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Estimating Central Bank Preferences under Commitment and Discretion

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  • Gregory Erin Givens

Abstract

This paper explains US macroeconomic outcomes with an empirical new-Keynesian model in which monetary policy minimizes the central bank's loss function. The presence of expectations in the model forms a well-known distinction between two modes of optimization, termed commitment and discretion. I estimate the model separately under each policy using maximum likelihood over the Volcker-Greenspan-Bernanke period. Comparisons of fit reveal that the data favor the specification with discretionary policy. Estimates of the loss function weights point to an excessive concern for interest rate smoothing in the commitment model but a more balanced concern relative to inflation and output stability in the discretionary model.

Suggested Citation

  • Gregory Erin Givens, 2009. "Estimating Central Bank Preferences under Commitment and Discretion," Working Papers 200905, Middle Tennessee State University, Department of Economics and Finance.
  • Handle: RePEc:mts:wpaper:200905
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    More about this item

    Keywords

    Optimal Monetary Policy; Commitment; Discretion; Policy Preferences;
    All these keywords.

    JEL classification:

    • E52 - Macroeconomics and Monetary Economics - - Monetary Policy, Central Banking, and the Supply of Money and Credit - - - Monetary Policy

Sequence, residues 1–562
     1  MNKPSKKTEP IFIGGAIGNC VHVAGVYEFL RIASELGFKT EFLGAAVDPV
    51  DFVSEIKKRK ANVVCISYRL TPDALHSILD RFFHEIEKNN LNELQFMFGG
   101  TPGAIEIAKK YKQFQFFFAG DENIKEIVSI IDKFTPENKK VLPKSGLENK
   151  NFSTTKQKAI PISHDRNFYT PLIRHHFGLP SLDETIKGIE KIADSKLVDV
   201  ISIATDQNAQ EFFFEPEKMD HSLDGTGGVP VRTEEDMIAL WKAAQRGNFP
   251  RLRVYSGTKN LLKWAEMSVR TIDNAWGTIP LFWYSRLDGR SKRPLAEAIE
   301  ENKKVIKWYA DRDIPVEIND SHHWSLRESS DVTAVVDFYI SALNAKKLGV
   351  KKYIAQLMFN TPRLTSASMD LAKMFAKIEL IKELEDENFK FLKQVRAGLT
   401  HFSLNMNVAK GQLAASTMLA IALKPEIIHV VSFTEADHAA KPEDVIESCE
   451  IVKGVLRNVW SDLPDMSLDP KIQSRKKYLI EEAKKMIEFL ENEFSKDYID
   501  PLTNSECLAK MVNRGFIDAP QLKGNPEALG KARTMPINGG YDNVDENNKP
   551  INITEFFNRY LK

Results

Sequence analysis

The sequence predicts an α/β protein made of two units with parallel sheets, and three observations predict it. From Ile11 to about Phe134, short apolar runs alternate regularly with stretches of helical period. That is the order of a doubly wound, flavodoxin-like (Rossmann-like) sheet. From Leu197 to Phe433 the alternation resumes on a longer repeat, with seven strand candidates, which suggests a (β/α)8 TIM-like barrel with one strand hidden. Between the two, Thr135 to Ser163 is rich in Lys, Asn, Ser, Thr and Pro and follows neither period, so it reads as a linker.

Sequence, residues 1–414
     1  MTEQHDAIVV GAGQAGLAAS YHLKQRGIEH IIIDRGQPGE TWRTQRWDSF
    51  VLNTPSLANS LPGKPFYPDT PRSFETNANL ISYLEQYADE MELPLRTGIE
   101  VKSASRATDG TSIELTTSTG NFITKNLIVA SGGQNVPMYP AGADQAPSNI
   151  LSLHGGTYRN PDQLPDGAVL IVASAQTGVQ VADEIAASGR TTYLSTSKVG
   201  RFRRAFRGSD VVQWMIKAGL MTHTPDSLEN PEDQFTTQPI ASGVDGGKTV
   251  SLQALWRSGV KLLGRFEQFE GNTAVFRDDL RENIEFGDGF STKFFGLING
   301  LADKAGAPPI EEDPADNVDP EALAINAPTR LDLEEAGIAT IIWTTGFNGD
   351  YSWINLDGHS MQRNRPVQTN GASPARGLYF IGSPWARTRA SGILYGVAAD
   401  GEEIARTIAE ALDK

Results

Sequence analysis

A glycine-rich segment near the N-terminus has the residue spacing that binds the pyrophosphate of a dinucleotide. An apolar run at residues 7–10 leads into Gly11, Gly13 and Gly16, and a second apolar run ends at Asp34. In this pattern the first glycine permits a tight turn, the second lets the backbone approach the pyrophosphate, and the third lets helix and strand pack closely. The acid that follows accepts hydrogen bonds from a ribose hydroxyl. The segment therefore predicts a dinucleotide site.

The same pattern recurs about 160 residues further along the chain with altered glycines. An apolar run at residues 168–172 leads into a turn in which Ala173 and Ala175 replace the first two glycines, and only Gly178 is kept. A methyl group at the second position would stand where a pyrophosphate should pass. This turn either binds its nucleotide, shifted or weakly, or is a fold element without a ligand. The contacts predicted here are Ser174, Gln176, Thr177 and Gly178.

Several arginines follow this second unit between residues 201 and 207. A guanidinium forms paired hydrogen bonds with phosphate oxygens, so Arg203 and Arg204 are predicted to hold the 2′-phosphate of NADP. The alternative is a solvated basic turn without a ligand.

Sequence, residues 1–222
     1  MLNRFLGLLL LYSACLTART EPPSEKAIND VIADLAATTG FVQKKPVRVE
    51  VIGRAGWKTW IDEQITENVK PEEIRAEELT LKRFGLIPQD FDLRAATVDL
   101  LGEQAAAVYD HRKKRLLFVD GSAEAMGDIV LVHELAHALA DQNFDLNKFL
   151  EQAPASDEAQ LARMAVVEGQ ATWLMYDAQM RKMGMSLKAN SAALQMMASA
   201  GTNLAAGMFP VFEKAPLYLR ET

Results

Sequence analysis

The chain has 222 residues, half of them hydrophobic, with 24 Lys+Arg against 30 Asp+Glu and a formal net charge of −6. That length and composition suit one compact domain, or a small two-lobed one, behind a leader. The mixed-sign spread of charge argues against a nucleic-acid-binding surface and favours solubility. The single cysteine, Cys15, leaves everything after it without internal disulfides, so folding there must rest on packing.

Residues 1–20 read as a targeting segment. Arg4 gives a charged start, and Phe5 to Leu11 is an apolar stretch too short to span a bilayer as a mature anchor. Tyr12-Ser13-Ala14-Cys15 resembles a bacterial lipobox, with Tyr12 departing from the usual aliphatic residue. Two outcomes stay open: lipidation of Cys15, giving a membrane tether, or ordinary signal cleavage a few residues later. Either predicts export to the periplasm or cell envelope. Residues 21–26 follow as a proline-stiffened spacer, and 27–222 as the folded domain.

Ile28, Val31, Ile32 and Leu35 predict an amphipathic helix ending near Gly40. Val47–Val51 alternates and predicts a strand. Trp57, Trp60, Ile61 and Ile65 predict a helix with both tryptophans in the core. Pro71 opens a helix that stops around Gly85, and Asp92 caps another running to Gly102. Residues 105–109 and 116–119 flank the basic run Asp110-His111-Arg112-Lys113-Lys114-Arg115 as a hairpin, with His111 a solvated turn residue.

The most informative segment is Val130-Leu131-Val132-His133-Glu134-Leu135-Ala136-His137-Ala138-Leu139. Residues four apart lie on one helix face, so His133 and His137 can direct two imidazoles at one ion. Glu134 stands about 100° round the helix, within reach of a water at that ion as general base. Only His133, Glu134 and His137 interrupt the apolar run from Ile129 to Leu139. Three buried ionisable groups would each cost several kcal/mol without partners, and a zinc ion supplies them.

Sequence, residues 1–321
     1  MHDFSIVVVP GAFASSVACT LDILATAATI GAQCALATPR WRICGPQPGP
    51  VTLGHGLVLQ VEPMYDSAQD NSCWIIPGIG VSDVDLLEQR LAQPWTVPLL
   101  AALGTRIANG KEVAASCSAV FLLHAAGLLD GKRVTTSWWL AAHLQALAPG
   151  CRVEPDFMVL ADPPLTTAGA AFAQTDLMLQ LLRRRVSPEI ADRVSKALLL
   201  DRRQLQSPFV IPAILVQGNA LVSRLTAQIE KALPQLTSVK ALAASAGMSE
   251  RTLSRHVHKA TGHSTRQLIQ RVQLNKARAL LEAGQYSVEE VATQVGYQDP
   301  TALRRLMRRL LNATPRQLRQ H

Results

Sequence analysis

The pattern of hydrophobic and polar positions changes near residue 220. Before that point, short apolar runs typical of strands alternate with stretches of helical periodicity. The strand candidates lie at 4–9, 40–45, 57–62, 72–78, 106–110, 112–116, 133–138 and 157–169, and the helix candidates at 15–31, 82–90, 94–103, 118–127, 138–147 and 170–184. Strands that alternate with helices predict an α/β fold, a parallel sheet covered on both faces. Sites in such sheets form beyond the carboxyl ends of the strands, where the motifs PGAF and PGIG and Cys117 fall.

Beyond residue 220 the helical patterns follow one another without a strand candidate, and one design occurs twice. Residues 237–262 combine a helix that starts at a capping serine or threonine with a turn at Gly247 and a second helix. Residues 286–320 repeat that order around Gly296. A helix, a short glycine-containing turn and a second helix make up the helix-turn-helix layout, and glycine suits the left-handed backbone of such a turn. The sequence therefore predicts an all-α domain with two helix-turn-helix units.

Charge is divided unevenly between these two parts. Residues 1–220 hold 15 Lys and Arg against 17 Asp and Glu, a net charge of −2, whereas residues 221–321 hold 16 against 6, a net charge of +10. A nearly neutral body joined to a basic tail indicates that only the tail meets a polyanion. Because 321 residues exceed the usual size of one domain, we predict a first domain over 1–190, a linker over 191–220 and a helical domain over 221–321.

• E58 - Macroeconomics and Monetary Economics - - Monetary Policy, Central Banking, and the Supply of Money and Credit - - - Central Banks and Their Policies
    • E61 - Macroeconomics and Monetary Economics - - Macroeconomic Policy, Macroeconomic Aspects of Public Finance, and General Outlook - - - Policy Objectives; Policy Designs and Consistency; Policy Coordination
    • C32 - Mathematical and Quantitative Methods - - Multiple or Simultaneous Equation Models; Multiple Variables - - - Time-Series Models; Dynamic Quantile Regressions; Dynamic Treatment Effect Models; Diffusion Processes; State Space Models
    • C61 - Mathematical and Quantitative Methods - - Mathematical Methods; Programming Models; Mathematical and Simulation Modeling - - - Optimization Techniques; Programming Models; Dynamic Analysis

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